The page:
We struggle to resist the temptation minute to minute this time of year. It begins with Halloween candy and proceeds to Thanksgiving dinner, exploding with holiday eating extravaganzas with the year's tastiest foods. By the New Year, the scale reveals our over-indulgence. It's no coincidence that 12 percent of gym members join in January.

Maybe this year we'll wake up to the fact that 30 million Americans suffer from the obesity-related disease of diabetes. Did you know that the 10 states with the highest rates of Type 2 diabetes are in the South?

some text
Deborah Levine

Knowledge doesn't stop us from bad eating habits. My diabetic brother got huffily indignant when I suggested he no longer stop at the gas station on the way home for a daily fix of Oreo cookies. Sound familiar?

If diabetes isn't enough to encourage you to be wary of the yummy stuff, consider your poor liver. About 30 percent to 40 percent of American adults have something called NASH, a fatty liver disease. Many don't know they have it and find out only when they're mysteriously ill. What to do? I lost 35 pounds by cutting out sugar, salt and most processed foods. Yes, to those who've asked me, I got this thin on purpose.

Why does yummy trump nutritious in the first place? Be aware of the dollars spent to ensure you eat that fast food, sugary drinks, processed meats and chocolate everything. The advertising budgets are huge with sophisticated ad campaigns that target vulnerable populations. Fast food restaurants target black and Hispanic youth, populations at high risk for obesity and related diseases. Food deserts have little fresh food available.

Scientists note that once you gain weight, your body works to keep it there. Only about 25 percent are successful in keeping the weight off long term, according to Jennifer Kuk, associate professor at York University's School of Kinesiology and Health. That's tough for the 70 percent of adults who are already overweight or obese. But, it can, and will, get worse.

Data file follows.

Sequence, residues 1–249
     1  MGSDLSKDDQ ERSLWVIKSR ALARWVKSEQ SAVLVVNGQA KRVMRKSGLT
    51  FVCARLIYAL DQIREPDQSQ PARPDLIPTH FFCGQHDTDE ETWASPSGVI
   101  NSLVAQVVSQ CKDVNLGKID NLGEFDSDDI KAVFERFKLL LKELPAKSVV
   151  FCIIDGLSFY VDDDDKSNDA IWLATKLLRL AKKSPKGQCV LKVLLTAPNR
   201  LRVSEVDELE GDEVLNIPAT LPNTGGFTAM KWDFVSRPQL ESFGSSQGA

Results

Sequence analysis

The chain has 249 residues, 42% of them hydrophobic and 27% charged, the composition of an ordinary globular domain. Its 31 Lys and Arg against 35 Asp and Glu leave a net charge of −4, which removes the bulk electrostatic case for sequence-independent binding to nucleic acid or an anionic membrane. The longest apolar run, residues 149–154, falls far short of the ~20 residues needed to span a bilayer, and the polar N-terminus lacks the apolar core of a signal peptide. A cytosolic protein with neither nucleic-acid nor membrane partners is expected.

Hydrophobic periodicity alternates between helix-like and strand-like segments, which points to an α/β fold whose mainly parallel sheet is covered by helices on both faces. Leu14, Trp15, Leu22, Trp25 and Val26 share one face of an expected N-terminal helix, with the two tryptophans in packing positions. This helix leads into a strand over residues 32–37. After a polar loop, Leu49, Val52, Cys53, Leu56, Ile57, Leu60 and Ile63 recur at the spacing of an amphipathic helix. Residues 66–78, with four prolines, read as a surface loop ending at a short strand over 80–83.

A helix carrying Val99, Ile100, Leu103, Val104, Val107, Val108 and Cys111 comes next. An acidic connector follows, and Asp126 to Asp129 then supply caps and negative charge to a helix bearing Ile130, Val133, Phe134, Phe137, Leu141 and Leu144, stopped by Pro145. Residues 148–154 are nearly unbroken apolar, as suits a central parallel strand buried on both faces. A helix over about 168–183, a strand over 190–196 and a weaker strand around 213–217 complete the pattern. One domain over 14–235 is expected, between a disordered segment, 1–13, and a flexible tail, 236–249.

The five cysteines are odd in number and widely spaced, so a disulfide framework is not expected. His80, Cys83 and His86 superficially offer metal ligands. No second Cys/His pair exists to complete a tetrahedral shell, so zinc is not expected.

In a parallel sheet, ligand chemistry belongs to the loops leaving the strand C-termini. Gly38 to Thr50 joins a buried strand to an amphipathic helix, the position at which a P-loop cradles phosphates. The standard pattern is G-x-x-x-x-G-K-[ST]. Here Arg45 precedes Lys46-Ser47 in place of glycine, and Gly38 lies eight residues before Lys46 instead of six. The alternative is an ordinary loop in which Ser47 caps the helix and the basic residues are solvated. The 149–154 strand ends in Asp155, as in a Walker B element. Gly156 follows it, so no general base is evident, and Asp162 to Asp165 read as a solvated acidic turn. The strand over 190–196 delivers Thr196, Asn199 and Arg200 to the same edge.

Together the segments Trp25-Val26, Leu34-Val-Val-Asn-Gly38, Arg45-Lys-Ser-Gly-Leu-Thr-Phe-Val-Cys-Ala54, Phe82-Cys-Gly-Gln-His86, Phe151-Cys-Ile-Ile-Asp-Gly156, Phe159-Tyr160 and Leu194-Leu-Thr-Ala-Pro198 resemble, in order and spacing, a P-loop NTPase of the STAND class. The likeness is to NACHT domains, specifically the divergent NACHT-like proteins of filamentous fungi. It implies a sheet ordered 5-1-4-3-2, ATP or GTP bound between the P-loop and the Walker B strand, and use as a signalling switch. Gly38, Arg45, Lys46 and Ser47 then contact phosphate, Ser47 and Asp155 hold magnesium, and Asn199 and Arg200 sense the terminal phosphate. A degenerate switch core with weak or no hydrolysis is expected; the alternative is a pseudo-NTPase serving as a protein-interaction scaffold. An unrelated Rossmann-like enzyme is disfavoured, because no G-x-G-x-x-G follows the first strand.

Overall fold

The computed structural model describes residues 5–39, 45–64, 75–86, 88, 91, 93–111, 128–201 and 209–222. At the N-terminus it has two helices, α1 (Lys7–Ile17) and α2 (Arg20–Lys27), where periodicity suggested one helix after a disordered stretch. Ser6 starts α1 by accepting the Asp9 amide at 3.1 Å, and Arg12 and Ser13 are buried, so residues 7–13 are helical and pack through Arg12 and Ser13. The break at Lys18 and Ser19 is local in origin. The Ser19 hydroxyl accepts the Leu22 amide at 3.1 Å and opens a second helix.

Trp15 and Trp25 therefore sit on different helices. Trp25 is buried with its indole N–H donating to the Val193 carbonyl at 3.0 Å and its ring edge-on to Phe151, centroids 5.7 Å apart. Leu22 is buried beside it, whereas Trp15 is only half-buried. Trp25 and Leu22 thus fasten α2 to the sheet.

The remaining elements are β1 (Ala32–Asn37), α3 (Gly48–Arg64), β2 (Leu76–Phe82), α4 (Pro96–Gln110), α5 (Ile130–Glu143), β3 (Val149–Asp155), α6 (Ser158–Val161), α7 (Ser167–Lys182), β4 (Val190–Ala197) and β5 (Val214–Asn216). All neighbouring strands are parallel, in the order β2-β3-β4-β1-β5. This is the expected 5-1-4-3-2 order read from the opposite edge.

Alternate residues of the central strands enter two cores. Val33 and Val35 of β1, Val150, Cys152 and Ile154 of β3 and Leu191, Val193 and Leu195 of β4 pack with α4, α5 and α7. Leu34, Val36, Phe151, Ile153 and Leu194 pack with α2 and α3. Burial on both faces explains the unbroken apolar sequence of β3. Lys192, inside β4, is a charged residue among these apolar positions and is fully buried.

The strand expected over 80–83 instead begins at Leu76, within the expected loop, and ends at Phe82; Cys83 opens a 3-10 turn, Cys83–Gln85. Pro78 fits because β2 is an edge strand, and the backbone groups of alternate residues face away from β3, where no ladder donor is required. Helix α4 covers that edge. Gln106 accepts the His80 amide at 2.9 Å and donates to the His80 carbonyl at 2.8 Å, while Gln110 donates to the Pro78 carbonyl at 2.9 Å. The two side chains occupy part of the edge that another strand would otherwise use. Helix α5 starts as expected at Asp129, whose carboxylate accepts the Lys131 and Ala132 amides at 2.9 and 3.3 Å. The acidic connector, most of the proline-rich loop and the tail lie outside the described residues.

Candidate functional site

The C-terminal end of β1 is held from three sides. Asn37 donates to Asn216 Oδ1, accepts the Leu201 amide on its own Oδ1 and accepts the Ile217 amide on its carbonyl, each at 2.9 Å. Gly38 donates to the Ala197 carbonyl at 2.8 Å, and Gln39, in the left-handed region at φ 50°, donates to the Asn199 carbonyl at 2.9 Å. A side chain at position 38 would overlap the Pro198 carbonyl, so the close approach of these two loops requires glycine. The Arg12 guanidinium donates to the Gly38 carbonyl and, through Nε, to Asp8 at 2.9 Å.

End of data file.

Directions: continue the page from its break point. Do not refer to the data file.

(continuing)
The Robert Wood Foundation reports that most 2-year-olds today will develop obesity by age 35. That's not surprising considering that preschoolers are reported to see almost three fast food ads on average every day, children 6-11 years viewed even more, and teens saw almost five ads a day. Less than 1 percent of all kids' meal combinations met recommended nutrition standards in this report, and now, the Trump administration has eased the rules on school lunches claiming that more nutritious meals are yucky.

Ah politics! Food and beverage companies spent almost $22.4 million lobbying politicians this year. Companies such as Coca-Cola, Domino's Pizza, McDonald's Corp., Wendy's and Nestle hire multiple lobbying firms. Millions were spent by manufacturers like General Mills, Campbell Soup and Kellogg Co.

It's not only lobbyists who benefit. Politicians and candidates also benefit. It's not unusual for firms to spend more on Republican candidates than Democrats. A major political issue is labeling. How much do food producers have to let the public know about what they're eating?

Some folks will argue that I'm mean to write this in the middle of holiday celebrations. But in my mind, it's a kindness. Let that go through your mind, too, as you're targeted by processed food purveyors. Turn off the fast food ads on TV. Shop for healthy food. Enjoy home cooking. Invite a politician to share the meal and chat about real food and real people. Now that's yummy!

Deborah Levine, an author and trainer/coach, is editor of the American Diversity Report. Contact her at